The company also claimed that it had reduced the weight by 200 lbs while increasing the structural rigidity of the body. Motor Trend magazine awarded the Classic its Car-of-the Year- award for this type of imaginative engineering.

Powered by AMC's 3.2 liter long-stroke, overhead valve, inline six cylinder engine, which developed 127 horsepower in standard form or 138 when with a two-barrel carb, the Classic could be had with an aluminum block. AMC claimed that this block was ‘America's First Die-Cast Aluminum Six.' Midway through the year an engine option would be the corporate 5.4 liter overhead valve V-8 with 250 horsepower in normal form, or 270 with a two-barrel carburetor.

AMC had the industry's widest range of offerings in the transmission department. The Classic featured a regular three-speed manual with optional overdrive, a three speed automatic; an 'E-stick' semi-automatic transmission in which there was no clutch pedal; and 'Twin-Stick' overdrive that was engaged by a separate console-mounted lever.

1963 was AMC's best year ever, and the 1963 Rambler Classic is responsible for helping lift AMC's total sales to 428,346 units.

Halfway through the 1964 model year, a special Typhoon was available utilizing the Classic 2-door hardtop body. Introducing AMC's brand new 232 in³ 'Typhoon' modern era inline-6 in this special commemorative model, production was limited to 2,500 units. The Typhoon was only available in a two-tone Solar Yellow body with a Classic Black roof. Rather than the usual 'Classic' name insignia, instead the car featured a distinctive 'Typhoon' script, along with a unique grille with black out accents.

A major redesign was undergone in 1965 of the new platform that had been introduced in 1962. The Classic was now shorter along with being as visually distinctive from the Ambassador line, though is still shared the basic body structure from the windshield back. A convertible model was available in the 770 trim version for the first time. Introduced as the 'Sensible Spectaculars', the 1965 Classic models focused emphasis on their new styling, powerful engines, as well as their expanded comfort and sports-type options in contrast to the earlier 'economy car' image.

For 1966 the Rebel name was revived once more for a uniquely trimmed two-door hardtop Classic with a newly revised roofline. A four-speed manual transmission was offered along with a dash mounted tachometer. In 1967 AMC's completely redesigned large line of vehicles replaced the Classic with the Rambler Rebel name. The following year the Rebel was rechristened the AMC Rebel as AMC began the process of phasing out the Rambler marque.

Forever remembered, the sensible Classic was an honest, economical and practical family car with attractive styling.

By Jessica Donaldson

AMC Rambler American
AMC Rambler American

Rambler American
AMC Rambler Six

Nash Rambler

Hudson Rambler

Nash Rambler Series 10
Nash Rambler Series 10
Nash Rambler

Nash Rambler
Nash Rambler
Nash Rambler

Model Production *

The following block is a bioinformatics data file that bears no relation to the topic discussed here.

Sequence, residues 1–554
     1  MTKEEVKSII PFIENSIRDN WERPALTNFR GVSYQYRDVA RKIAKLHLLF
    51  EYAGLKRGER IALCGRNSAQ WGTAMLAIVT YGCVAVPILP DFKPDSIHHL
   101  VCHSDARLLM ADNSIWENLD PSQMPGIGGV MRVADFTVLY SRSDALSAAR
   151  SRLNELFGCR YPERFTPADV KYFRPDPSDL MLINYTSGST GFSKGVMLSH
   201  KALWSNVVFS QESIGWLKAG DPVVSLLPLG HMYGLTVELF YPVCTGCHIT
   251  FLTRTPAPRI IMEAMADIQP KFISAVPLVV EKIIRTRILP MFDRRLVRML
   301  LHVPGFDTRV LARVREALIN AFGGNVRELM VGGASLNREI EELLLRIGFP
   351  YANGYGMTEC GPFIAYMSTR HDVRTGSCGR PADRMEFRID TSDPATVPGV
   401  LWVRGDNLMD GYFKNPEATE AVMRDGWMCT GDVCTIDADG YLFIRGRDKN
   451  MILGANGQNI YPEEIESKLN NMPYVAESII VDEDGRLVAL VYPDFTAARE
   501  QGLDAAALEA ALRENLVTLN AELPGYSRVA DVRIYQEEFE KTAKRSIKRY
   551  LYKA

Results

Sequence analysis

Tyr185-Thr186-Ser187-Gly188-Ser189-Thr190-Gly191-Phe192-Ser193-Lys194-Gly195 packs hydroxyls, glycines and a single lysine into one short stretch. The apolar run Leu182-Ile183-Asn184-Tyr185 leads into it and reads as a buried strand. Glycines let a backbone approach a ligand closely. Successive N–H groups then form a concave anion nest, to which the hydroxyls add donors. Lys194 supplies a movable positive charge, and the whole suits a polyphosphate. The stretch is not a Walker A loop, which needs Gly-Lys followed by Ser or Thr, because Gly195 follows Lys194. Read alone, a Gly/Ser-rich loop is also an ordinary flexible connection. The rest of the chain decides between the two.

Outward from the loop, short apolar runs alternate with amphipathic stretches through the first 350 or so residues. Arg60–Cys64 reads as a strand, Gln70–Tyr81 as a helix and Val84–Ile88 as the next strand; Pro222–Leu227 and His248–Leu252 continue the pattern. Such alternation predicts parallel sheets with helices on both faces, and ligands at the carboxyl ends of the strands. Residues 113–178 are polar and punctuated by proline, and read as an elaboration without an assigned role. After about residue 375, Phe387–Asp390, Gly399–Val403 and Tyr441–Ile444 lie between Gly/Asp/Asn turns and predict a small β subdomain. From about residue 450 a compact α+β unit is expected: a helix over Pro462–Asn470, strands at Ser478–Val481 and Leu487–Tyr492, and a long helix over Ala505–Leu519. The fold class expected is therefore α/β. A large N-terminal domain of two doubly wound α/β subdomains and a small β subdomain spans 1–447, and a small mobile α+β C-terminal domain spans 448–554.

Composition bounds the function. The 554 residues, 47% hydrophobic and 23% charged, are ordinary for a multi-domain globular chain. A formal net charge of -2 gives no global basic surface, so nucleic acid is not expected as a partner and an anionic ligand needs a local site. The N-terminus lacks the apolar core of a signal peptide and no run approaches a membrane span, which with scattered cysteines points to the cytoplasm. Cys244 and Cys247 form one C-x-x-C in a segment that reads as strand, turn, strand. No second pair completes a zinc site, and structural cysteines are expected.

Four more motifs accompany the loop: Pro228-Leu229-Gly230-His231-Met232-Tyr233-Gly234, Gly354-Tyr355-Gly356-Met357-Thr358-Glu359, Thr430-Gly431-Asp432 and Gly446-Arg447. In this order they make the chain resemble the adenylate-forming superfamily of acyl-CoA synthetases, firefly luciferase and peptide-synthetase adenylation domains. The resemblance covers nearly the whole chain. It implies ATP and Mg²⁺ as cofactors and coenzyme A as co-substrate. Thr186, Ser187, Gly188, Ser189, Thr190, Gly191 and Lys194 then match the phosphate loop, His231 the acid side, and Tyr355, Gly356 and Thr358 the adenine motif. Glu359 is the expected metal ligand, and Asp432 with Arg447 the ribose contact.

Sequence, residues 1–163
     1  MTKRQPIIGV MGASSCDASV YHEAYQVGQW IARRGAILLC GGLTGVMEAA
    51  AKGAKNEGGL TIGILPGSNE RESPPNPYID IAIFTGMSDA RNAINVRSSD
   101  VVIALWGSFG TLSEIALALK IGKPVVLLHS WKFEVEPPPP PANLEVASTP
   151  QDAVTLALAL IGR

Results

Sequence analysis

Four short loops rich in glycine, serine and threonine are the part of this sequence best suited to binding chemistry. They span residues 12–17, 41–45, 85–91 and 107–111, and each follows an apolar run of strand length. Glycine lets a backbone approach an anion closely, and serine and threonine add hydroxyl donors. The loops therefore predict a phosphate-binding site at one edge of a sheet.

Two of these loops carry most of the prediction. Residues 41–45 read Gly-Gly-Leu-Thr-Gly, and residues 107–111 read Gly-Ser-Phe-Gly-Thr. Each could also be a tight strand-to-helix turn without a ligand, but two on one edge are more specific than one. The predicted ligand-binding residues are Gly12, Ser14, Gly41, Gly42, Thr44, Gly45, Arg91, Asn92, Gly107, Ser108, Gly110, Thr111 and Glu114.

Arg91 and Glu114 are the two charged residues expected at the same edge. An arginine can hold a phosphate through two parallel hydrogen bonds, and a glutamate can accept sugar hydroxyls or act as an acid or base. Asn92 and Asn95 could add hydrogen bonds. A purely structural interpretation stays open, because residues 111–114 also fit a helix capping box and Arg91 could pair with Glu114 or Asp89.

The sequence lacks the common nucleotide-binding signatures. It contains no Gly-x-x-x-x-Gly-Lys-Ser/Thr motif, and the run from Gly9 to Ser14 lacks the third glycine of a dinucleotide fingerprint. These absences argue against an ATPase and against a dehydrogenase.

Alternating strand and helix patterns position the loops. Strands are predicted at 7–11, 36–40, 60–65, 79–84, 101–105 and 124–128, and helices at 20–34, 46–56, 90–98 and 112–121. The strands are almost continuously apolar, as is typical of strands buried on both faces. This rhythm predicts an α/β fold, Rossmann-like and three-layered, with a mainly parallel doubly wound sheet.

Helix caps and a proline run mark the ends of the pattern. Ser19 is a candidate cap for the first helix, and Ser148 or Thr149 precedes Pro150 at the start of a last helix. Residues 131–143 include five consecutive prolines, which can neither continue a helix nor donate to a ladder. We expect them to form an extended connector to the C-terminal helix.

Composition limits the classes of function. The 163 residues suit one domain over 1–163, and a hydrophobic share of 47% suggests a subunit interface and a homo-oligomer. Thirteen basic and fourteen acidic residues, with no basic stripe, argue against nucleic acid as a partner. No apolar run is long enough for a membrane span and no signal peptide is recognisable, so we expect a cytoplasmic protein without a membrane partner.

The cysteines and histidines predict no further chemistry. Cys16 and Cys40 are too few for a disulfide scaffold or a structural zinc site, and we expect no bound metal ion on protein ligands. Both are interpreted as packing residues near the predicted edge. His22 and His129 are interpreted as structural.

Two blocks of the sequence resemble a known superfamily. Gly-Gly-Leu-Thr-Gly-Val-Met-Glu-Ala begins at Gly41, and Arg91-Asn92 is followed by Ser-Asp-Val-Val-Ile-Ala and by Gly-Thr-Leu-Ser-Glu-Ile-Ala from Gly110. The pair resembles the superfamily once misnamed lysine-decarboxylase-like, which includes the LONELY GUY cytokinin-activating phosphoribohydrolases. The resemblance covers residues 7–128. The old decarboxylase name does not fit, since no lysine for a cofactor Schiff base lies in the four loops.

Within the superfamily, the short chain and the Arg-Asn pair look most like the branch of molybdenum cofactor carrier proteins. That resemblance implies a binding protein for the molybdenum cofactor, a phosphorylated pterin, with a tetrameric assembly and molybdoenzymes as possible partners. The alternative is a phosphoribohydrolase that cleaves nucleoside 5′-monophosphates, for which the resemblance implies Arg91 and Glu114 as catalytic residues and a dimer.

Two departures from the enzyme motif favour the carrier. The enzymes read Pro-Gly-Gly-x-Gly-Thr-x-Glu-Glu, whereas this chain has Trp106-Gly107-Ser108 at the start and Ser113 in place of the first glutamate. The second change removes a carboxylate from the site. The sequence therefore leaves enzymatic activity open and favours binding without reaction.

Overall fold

* Please note, dates are approximate

Related Articles and History

Introduced in 1950, the Nash Rambler was designed to be much smaller than other contemporary vehicles, while still able to accommodate five passengers easily and comfortably. Produced by the Nash Motors division of Nash-Kelvinator Corporation for six years only, the Rambler was responsible for establishing a new segment in the automotive market. Widely considered to be the original modern American compact vehicle, the Nash Rambler was originally going to be called the Nash Diplomat. Dodge had already reserved the Diplomat name for a two-door hardtop body style, so the Rambler name was resurrected instead.

Introduced during the 1950 model year, the Nash Rambler was the entry model for the low-price segment that had been dominated by models from Ford, Chevrolet, and Plymouth. Riding on a 100' wheelbase, the new model was designed to be smaller in dimension, and lighter in weight than the other popular cars of the time. Nash was able to save on materials in its productions and owners would have better fuel economy by keeping the vehicle smaller. Producing 82 hp, the Rambler's power came from a 173 in³ L-head 6-cylinder engine.

The 'landau' was the designation for the up-market two-door convertible new Rambler. The Rambler was attempting to gain a positive public image, rather than being seen as an inexpensive little vehicle. The Nash Rambler was equipped with various features that included wheel covers, an electric clock, a pushbutton radio, and whitewall tires.

The Rambler was compact, and the design had a rounded form with an enveloping body that enclosed the front wheels. Fortunately, the design did not impair the vehicle's cornering abilities. The Nash Rambler kept the fixed roof structure above the vehicle's doors and rear side window frames unlike the traditional convertible of that time period that used frame-free windows. The retractable canvas top used this metal structure as the side rails or guides. The body of the vehicle was considered to be rigid for an open-top vehicle, though this design did allow Nash to use its monocoque unibody construction on its new compact.